Sunday, 2 August 2009

Goingt on holiday

Sometimes I really fancy keeping chickens but at this time of year I realise what a problem this would be… for now it is time for our summer holiday. We have a little cottage right on the north coast of Scotland so to make good use of the council taxes we pay all year and the 625 mile journey we like to go away for a full 3 weeks. My husband loves the place and achieves a level of relaxation up there that alludes him at home. I have mixed feelings. Although I enjoy the holiday I’m always reluctant to leave the allotment when it is at its most productive. I’d be quite content to spend 3 weeks at home tending the plants, harvesting the fruit and veg and pottering about in the kitchen making jam and chutney.

Whilst we are away we leave the allotment in the hands of my parents who live a half-hour drive away. Usually they come twice a week to water a few things and to pick whatever is ready. I’m grateful to them and they do a good job but they are not vegetable growers themselves and do not necessarily spot when problems strike or pick things before they get too big. They never complain about it but I don’t know how much like hard work they find it. Anyway, this year I have made an arrangement with a local friend who will come once a week, leaving my parents to come once a week too, reducing their burden but still rewarding them with some fresh produce.

So now you can see why I couldn’t keep chickens. They would need tending every day, not just twice a week, and I find it hard enough to hand over responsibility for my plants as it is!

I find the website garden planning tool useful throughout the year but it becomes really handy at this time of year. I use the planning tool to keep a map of my allotment plot as I go along so when it comes to handing over the allotment keys I can also hand over a map detailing what is planted where. Of course, I can’t help but augment the map with numerous notes such as “will need watering” or “pick regularly”.

For the past few years we have gone away in mid August and both my parents and I have become used to what to expect on the allotment whilst we are away. We usually take as much fresh produce away as possible so set off with bags of potatoes, carrots, beetroot, onions, cucumbers and French beans, all of which keep remarkably fresh. For my parents, there are abundant ripe plums, tomatoes, cucumbers, courgettes and French beans. My parents fill their freezer with produce and we usually come home to a fridge bulging with cucumbers and corn on the cob picked a few days before we return.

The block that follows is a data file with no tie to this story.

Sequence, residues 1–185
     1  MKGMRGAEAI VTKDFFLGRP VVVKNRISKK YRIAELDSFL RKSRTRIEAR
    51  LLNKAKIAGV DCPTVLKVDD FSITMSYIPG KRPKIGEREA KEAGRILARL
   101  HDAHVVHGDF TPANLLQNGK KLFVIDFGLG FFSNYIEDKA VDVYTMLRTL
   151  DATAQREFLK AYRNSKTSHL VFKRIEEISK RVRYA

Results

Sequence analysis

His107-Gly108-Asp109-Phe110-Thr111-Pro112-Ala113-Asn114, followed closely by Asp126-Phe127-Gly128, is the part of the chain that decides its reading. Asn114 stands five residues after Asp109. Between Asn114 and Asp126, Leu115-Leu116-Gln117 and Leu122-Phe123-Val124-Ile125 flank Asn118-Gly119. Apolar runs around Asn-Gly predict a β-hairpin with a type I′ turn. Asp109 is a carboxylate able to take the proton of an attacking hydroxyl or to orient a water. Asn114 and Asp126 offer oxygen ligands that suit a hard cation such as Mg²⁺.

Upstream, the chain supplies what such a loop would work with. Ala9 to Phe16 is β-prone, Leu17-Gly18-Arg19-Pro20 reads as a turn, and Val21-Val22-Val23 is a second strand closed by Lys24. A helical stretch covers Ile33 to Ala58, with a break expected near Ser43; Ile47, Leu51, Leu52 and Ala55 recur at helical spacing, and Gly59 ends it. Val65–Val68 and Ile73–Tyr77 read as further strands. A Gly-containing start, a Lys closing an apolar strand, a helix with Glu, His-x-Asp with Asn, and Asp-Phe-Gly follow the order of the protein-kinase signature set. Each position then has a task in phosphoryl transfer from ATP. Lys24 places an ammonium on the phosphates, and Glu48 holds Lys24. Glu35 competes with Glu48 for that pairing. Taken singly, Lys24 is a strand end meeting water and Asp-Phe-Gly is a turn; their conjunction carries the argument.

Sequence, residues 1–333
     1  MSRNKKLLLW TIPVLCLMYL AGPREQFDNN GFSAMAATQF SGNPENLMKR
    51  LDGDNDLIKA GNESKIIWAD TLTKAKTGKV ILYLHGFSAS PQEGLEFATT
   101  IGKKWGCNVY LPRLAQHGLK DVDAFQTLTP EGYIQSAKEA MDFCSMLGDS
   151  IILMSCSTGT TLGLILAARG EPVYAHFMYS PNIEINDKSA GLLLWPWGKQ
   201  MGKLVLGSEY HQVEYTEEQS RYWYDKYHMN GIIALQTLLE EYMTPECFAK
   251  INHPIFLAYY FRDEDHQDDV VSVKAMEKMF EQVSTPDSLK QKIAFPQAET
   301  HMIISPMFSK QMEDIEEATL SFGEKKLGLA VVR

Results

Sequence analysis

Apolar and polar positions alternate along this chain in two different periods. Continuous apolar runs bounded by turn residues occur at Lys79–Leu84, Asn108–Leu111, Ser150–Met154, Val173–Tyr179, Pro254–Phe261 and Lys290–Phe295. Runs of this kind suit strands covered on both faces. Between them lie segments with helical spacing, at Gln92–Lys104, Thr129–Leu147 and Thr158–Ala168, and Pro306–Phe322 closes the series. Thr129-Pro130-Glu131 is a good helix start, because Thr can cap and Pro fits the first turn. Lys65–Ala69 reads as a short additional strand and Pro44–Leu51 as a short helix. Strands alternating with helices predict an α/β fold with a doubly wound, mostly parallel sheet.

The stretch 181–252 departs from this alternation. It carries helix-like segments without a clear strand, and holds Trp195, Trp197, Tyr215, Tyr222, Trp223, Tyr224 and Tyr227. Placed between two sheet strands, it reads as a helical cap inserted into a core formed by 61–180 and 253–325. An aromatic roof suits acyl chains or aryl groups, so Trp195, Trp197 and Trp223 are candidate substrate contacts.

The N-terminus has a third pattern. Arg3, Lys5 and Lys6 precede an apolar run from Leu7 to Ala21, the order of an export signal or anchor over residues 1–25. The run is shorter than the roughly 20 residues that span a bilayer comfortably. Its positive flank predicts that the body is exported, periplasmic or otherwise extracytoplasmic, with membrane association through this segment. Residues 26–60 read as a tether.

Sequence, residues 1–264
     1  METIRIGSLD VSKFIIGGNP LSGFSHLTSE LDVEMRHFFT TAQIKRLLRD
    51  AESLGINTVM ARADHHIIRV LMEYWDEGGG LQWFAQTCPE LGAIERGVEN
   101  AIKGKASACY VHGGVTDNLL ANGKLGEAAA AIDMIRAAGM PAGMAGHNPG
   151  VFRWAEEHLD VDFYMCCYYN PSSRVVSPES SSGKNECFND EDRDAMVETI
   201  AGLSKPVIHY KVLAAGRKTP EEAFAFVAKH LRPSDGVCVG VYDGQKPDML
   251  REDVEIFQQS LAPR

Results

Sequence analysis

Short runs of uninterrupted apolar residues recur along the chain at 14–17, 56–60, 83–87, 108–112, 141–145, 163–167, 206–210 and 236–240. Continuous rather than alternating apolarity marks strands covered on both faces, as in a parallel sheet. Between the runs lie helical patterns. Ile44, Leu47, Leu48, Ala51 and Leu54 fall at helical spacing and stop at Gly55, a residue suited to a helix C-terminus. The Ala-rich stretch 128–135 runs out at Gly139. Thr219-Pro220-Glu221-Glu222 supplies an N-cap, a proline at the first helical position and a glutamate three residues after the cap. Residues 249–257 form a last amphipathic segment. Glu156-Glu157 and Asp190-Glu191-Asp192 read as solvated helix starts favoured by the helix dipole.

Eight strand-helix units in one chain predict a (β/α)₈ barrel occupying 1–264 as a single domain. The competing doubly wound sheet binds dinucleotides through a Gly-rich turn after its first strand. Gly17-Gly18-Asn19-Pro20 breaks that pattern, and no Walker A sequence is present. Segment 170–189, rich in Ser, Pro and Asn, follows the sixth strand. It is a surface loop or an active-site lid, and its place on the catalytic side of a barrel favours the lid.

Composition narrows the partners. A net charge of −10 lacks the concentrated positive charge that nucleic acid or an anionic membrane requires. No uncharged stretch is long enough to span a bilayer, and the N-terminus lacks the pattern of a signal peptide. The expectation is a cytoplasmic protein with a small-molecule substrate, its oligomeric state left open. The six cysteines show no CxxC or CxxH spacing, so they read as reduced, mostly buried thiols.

This year we are going away in mid July so things have been a little different. A few days before setting off, I walked around the plot trying to imagine what would occur within the coming 3 weeks. This is always harder than your think. After all, usually when I don’t get down to the plot for a few days I’m surprised by what has grown in the meantime. I can equally be surprised by what stops cropping too. This is particularly true for soft fruit when three days before may have filled several punnets only to discover that the strawberries, raspberries, tayberries or whatever have become small and sparse all of a sudden.

Already the gherkins, courgettes and French beans have started cropping so they are definitely going to be abundant. The peas and mangetout are winding down so I don’t expect them to be cropping when I get back. The raspberries continue to be abundant but I have no idea for how much longer. There may be cucumbers and calebrese before we return and I have run out of time and energy to pick any more blackcurrants now so they are there for the taking. The plums will only just be ripening when we get home. My main concern, however, is that the brassicas will become overrun with caterpillars and the tomatoes and potatoes will succumb to blight.

In preparation to going away I picked all the mangetout, peas, French beans and courgettes and filled a couple of bags with potatoes. I even picked a lettuce that otherwise would bolt. I nipped out all the side shoots on the tomatoes and tied them again to their canes. As an added precaution, I sprayed the tomatoes with Diathane and left a made up sprayer and note for my dad to spray again in 10 days time. Hopefully this preventative fungicide will keep blight at bay. I also carefully inspected the brassicas and squashed any eggs or caterpillars that I spotted.

So on the first day of our holiday along with our suitcases, I put out a sack of spuds and bags of courgettes, peas, mangetout, beetroot, and shallots, a bulb of garlic and a lettuce. There is, after all, nothing worst than having to buy from a shop vegetables that you know you have grown at home.
When fresh veg isn’t fresh

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